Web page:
- by carlarenee02 Apr 16, '09Hello
I am in Fundamentals and I wanted to find out a way to get organized with my medications online. I know next semester we will have to know without looking the names of meds, etc. Is there a way or somewhere online that would help me to organize meds, etc.
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- Apr 17, '09 by J9G2008I've never had to give medication info without looking it up. In fact, I bring the Davis drug book with me to clinicals to look them up! Then, before they're given, I have to tell the instructor what they're for, etc. Like, "Colace is a stool softener that draws water into the colon to create bulk and facilitate easier passage of stool. Or, aspirin is used as either an antipyretic or, in the case of some patients, as an analgesic or as an antiplatelet aggregation drug." The drugs that are used on particular units are not so many that they're impossible to remember. In my first two clinicals, we used a lot of insulin, Lovenox, aspirin, colace, and beta blockers of all types.
- Apr 17, '09 by NurseLoveJoy88I suggest try to remember drug class as oppose to all of the drug names. If you study the class, the prototype, the action, use, side effects, and nursing implications...then you should be fine.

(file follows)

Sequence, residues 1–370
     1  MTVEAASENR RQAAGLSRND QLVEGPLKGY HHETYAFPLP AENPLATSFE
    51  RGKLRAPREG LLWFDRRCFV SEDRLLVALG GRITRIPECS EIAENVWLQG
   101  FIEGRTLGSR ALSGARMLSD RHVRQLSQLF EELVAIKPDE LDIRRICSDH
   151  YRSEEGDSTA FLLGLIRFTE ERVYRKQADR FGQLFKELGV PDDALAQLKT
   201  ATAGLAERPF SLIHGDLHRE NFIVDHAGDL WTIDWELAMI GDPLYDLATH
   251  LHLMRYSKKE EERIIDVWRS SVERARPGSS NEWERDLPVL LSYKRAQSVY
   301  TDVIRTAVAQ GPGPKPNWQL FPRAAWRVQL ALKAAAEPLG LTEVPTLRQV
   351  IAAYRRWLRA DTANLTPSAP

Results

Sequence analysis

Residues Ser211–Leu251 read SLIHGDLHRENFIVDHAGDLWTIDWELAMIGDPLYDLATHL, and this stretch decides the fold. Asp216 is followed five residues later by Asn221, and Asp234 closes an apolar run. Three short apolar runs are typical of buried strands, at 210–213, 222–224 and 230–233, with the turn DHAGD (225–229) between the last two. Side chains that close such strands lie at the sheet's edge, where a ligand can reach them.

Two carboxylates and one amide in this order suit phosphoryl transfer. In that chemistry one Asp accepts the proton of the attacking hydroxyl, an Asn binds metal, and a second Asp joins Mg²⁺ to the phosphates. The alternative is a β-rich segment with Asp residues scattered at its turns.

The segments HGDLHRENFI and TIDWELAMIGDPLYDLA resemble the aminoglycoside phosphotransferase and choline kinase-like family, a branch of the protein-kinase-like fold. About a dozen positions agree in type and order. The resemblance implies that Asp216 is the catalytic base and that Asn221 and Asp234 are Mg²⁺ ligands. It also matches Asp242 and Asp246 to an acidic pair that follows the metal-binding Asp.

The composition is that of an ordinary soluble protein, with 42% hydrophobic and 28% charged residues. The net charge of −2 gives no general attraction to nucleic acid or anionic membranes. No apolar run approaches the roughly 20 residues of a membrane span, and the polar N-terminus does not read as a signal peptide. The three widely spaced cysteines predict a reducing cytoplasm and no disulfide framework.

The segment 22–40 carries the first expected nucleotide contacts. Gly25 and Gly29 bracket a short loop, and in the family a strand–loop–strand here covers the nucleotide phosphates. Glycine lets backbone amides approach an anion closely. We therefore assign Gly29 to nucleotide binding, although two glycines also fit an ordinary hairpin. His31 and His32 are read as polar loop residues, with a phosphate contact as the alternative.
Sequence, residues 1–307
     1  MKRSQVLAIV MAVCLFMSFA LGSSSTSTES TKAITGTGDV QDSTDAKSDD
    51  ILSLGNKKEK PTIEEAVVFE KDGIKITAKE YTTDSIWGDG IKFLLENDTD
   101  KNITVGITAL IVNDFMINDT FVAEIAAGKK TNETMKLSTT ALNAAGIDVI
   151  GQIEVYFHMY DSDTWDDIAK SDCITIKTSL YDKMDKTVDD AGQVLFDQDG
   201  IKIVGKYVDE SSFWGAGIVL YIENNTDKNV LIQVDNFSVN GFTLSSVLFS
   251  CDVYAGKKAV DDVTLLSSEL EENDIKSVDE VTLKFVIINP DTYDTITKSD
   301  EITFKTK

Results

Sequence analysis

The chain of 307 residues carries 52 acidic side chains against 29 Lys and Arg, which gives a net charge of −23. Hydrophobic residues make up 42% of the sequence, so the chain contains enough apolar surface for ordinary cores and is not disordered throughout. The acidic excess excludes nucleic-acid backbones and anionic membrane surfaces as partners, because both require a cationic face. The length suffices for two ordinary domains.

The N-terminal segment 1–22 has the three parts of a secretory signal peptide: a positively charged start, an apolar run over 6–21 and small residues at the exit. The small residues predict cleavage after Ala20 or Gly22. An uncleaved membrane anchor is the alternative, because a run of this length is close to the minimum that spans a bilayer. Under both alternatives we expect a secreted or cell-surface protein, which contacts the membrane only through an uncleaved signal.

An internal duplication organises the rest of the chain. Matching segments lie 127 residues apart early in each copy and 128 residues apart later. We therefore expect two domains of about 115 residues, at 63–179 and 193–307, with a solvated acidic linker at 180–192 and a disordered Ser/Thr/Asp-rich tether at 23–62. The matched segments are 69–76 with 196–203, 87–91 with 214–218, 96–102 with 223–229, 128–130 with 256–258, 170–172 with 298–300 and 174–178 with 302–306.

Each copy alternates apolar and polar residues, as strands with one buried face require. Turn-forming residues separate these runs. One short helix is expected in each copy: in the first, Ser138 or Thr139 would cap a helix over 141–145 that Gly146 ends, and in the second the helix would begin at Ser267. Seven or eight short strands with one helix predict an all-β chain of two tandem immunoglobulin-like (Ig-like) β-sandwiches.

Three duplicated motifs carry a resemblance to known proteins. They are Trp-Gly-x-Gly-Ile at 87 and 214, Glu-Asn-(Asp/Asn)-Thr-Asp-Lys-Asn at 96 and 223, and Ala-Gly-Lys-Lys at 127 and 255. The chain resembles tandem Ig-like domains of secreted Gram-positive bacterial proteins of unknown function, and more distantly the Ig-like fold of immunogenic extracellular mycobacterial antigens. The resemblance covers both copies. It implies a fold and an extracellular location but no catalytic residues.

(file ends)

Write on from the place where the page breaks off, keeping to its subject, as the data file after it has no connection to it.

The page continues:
- Apr 17, '09 by Soon2BNurse3We make medication cards and bring them to clinicals. I save them all on my computer so I can use them over and over again. Also, we are not expected to memorize ALL the drugs for clinical. We look them up the night before and take the med cards to the hospital the next day. It's impossible to remember every med!!
- Apr 17, '09 by shrimpchipsQuote from nursing student 19I agree with this. And also when you work on your floor you will end up seeing some of the same medications over and over. Right now I'm on a med-surg floor and I see furosemide (Lasix), enoxaparin (Lovenox), insulins, metoprolol (Lopressor), levothyroxine (Synthroid), levofloxacin (Levaquin), pantoprazole (Protonix), morphine, methylprednisolone (Solumedrol), are just a few that come to mind. The hospital that I am at also has a list of "PRN meds" that do not need a prescription and can be administered at the nurse's discretion. These meds include:I suggest try to remember drug class as oppose to all of the drug names. If you study the class, the prototype, the action, use, side effects, and nursing implications...then you should be fine.
aluminum-magnesium hydroxide with simethicone (Mylanta)
magnesium hydroxide (Milk of Magnesia)
guaifenesin with dextromethorphan (Robitussin DM)